Yesterday, I was blindsided by a  phone call letting me know that a mutual friend of ours had died.

I have been sad ever since.

To be blindsided is to be hit unexpectedly. The pain is amplified exponentially because you are wholly unprepared.

While on a rational level we know that all people die, we have an expectation that it should only happen after someone has had a chance to live a long and fulfilling life.…


I had resisted reading Meditations by Marcus Aurelius for a long time. The reasons for which aren’t entirely clear to me. Perhaps it was my perception that it would be cold, indifferent or dispassionate, like the word stoic implies.

Still other people, I know and respect, swear by it. Its sales soared as people searched for meaning during the pandemic.

Despite it being one of the best selling philosophy books of all time, it was never meant for public consumption.…


Imagine a young girl in a classroom. Because her family has little money she shows up to class with no school supplies and asks the teacher for a pencil. The teacher obliges but hands her a pencil with no eraser. When the girl simply requests a different pencil with an eraser, the teacher declines, saying “Beggars can’t be choosers.”

Brittany Means was that little girl and she has now gone on to author her first book, Hell if We Don’t Change our Ways.


Have you ever wondered where confidence comes from? Or why do some people seem to have more of it than others?

It’s a question I’ve been grappling with on and off for most of my life. As my own confidence is often fleeting.

I was surprised to learn recently that research suggests that 50% of our self-confidence is genetic. Meaning some children are predisposed to be more confident than others – even their siblings.…


As the camera pulled back to reveal the face behind the hand that played the strings, a huge smile cut across my face. Tracy Chapman was on the Grammy Stage.  Playing a duet with Luke Combs who had covered her classic, “Fast Car”, the crowd echoed my reaction. Taylor Swift stood and sang along, others followed suit. It was a quintessential “Grammy Moment.”

Later in the same show, Joni Mitchell performed at the Grammy’s for the first time in her prodigious career.…


Guess what I overheard yesterday?

Well actually plenty, and each time it was valuable and unexpected.

To overhear something is to hear it without the intention or knowledge of the speaker. Not to be confused with eavesdropping; to overhear something is not intentionally listening in on a conversation you shouldn’t but rather just picking up the ambient conversations around you.

My first instance was walking to school in the morning.…


She approached me with a four inch stack of index cards, asking if I would help her study for her upcoming Earth Science midterm. My middle daughter had created what had to be over two hundred flashcards to help prepare herself for her exam and over the course of the last week had repeatedly reviewed them. It was both astonishing and impressive to see her mow through these cards with such precision and accuracy.…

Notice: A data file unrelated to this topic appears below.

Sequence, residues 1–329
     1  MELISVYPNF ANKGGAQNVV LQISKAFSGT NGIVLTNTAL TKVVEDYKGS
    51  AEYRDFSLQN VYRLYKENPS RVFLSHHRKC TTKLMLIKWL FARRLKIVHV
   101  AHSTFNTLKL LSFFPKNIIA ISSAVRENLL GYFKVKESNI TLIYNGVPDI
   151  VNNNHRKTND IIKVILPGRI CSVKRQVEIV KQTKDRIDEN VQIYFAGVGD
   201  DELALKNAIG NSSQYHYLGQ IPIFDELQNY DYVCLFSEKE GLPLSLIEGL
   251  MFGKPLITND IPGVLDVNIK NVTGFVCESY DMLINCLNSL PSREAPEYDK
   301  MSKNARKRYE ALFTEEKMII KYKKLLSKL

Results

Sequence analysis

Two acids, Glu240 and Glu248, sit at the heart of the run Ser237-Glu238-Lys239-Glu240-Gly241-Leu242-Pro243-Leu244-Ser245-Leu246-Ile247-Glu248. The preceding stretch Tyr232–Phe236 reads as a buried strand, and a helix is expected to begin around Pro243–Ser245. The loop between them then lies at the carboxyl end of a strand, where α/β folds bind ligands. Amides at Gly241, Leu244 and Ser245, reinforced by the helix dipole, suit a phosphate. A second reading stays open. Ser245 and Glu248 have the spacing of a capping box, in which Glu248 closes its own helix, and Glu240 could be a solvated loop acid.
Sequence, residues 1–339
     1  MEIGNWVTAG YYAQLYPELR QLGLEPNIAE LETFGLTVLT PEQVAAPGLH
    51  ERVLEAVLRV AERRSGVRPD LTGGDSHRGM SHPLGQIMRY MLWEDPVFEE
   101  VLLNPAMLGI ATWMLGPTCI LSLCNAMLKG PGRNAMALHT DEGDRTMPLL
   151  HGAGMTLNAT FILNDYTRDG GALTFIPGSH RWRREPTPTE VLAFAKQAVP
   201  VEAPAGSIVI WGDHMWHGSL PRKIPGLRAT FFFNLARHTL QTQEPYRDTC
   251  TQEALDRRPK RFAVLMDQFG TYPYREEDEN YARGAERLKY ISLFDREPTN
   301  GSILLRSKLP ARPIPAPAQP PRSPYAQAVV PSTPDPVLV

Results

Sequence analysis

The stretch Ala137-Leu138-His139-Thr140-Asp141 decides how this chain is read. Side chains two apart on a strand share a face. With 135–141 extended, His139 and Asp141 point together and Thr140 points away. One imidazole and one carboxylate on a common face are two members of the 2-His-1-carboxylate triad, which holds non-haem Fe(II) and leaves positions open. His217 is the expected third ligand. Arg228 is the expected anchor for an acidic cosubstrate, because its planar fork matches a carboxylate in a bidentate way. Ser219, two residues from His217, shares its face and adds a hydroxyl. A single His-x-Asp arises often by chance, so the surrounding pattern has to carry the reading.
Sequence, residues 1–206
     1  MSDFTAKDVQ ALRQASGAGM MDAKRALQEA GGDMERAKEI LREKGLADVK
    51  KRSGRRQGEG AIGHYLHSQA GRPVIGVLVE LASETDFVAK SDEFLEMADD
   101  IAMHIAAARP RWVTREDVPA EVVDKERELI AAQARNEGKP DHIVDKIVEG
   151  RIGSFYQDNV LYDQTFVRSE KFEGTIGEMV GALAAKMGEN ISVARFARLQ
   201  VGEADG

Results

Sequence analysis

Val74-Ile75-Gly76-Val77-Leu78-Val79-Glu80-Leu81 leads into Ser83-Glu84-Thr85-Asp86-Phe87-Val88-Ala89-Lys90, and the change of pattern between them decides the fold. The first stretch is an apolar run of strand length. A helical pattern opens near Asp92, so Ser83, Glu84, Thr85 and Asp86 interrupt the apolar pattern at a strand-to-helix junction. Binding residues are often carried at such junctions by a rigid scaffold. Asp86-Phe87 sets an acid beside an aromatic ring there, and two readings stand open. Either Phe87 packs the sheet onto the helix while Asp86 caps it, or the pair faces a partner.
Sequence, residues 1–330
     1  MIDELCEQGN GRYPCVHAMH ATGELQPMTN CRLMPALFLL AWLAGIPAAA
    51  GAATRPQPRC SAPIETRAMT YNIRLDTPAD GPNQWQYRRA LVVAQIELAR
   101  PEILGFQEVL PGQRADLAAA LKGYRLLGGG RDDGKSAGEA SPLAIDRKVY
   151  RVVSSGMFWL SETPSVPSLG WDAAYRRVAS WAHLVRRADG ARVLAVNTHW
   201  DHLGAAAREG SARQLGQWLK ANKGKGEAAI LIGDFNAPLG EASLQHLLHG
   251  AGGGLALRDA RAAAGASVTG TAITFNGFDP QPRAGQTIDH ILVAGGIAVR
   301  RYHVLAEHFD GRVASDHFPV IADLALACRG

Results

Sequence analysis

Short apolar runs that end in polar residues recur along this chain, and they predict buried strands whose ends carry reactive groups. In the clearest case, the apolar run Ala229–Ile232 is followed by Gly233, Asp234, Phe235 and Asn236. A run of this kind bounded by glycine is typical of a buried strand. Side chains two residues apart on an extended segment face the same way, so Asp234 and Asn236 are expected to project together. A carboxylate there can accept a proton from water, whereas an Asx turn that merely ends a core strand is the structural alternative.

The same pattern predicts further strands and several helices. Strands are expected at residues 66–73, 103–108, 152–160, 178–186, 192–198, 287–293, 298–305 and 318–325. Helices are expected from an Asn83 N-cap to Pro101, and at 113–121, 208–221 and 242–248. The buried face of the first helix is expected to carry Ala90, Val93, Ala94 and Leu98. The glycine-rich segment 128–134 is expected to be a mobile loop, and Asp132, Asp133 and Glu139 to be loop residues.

What do you do during that time in between?  Those few minutes spent in between projects or meetings? Right before a call starts or you’re ready to work on checking that next box on your to do list? How do you fill the space while waiting for that next thing to start?

Recently I realized that my use of downtime was both consistent and unfulfilling. My standard practices would be some combination of checking my email or text messages, catching up on the latest news, and most frequently visiting a sports website to catch up on the latest hot takes and opinions of rabid Boston rapid sports like myself.…


To give birth – whether to a person or an idea – is to bring something new into existence. Its origin is from the Old Norse word meaning “bear.” My assumption is that this was an early acknowledgment of the intense labor that is intrinsic to the act of giving birth.

When we give birth to anything it brings with it a combination of immediate joy, hope, anxiety and fear.…


Happy New Year.

Before we jump into 2024, many of us might spend some time reflecting back upon 2023. Among the many questions we ask ourselves are those related to accomplishments; What did we do? What do we have to show for the year? What did we produce?

As I look back, I feel incredibly fortunate to have worked with or been supported by so many talented, wonderful people and organizations that have allowed me to produce more than a handful of things that I can take pride in.…


Like many families, every year we create a calendar. Around December, I begin by looking through all the pictures our family has taken over the last year. We then select somewhere between three and twelve to put with each month. In total that means around fifty to sixty photos end up representing our year at a glance.  A small number curated from almost a thousand.

While I’m sure the family members who receive this gift appreciate it; the act of creating provides me with the greatest present.…


Over the last year, I’ve received a few notes, emails or texts that included the specific phrase, “I appreciate you.”

Prior to this year I don’t know if I’ve ever seen, said or received those exact words in any form of communication. Now, of course, it’s quite possible that only recently have I done anything worthy enough to receive such a warm and thoughtful collection of words.…